Saturday, November 7, 2009

review: The Bloodstained Shadow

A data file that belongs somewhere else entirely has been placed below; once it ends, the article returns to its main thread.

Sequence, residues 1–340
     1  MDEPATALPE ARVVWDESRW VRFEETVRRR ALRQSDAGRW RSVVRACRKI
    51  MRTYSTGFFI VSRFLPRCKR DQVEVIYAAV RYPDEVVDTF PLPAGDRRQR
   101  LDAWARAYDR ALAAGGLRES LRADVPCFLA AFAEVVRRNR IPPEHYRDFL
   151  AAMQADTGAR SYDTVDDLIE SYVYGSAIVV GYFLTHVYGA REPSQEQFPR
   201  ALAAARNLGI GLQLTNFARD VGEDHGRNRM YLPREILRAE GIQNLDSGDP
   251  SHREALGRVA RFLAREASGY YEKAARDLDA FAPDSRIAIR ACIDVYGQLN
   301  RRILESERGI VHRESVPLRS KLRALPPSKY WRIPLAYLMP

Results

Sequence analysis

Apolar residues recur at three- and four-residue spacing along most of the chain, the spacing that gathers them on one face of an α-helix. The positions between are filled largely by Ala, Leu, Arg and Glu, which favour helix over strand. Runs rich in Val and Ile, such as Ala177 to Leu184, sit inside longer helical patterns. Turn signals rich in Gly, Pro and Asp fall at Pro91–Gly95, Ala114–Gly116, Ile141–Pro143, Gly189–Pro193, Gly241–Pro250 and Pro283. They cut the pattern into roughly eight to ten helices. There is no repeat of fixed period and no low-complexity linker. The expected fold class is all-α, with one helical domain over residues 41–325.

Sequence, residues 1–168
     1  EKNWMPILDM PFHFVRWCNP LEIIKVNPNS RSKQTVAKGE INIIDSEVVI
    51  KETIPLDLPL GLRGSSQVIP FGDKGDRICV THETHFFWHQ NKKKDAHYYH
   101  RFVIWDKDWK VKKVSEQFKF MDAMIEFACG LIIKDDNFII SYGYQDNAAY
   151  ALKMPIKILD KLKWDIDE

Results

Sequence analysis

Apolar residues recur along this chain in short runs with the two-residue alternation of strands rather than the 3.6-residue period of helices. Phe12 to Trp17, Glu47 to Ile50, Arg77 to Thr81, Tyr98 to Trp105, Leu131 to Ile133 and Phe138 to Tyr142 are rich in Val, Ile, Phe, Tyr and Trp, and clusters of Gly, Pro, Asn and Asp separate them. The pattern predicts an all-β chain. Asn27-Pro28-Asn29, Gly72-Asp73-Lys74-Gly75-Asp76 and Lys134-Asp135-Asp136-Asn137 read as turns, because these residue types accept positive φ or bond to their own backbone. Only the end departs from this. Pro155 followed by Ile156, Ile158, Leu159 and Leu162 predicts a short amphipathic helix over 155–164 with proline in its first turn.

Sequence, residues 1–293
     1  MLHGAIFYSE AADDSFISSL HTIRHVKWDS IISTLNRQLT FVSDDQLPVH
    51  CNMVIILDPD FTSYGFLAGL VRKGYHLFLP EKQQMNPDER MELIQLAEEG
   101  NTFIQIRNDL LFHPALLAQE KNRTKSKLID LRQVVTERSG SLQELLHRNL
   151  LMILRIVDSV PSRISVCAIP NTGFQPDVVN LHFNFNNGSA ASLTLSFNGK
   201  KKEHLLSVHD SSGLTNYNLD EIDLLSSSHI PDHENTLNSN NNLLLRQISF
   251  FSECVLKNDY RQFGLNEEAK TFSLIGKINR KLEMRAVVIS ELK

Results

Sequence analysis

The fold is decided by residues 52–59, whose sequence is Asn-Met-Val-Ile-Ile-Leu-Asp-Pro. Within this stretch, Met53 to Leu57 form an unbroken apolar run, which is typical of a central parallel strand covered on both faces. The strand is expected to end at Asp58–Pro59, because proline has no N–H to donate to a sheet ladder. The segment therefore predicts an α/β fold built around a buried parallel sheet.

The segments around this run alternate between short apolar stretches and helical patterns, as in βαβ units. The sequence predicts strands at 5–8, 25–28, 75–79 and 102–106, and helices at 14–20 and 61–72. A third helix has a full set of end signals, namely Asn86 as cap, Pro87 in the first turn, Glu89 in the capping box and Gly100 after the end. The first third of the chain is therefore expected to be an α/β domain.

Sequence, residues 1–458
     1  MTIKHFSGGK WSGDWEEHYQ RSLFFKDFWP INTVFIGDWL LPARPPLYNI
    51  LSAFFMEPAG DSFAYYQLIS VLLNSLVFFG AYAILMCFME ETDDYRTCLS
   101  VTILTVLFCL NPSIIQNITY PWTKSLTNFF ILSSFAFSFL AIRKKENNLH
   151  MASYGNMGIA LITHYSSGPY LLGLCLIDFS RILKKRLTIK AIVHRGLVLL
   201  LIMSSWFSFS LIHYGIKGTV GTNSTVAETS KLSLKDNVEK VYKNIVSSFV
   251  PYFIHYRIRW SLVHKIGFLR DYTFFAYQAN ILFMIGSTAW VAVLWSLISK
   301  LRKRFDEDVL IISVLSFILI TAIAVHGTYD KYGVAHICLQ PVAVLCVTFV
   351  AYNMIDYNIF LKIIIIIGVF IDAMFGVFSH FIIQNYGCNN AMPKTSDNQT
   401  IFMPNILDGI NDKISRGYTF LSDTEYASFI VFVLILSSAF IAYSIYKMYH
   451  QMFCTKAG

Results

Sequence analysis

Bido's The Bloodstained Shadow certainly doesn't have the visual flair of Bava or the elaborate set-pieces of Argento, but if you're a fan of the giallo as a type of mystery (as opposed to giallo as baroque) there's a lot to like here, with some fun digs at the church, a satisfying plot and a nice synthy score by Goblin (along with a shameless steal of John Williams' theme from Jaws!). A few people compared this film to The House With Laughing Windows (one of my all-time faves), which I suspect has more to do with Lino Capolicchio than anything, and you can definitely see how Bido was one of the second generation of gialli directors, with nods to his forebearers -- by 1978 this was an established genre, and Bido knowingly tweaks that genre in interesting ways, though he pulls off a better attempt at this with Watch Me When I Kill. It's also worth mentioning that the ending is actually pretty satisfying. It's definitely not one for Fulci gorehounds, and it's pretty skimpy on the nudity, plus the Blue Underground dvd, while a great transfer with clean mono sound, is only available in an English dub and no original Italian. I'm pretty sure I'm not as critical of subtitled films as I am of dubs, regardless of quality, so the acting feels a bit broad even by these standards. More of a Sunday afternoon film than a Saturday night film, but considering I got my copy for eight bucks on Amazon it's definitely worth the price.

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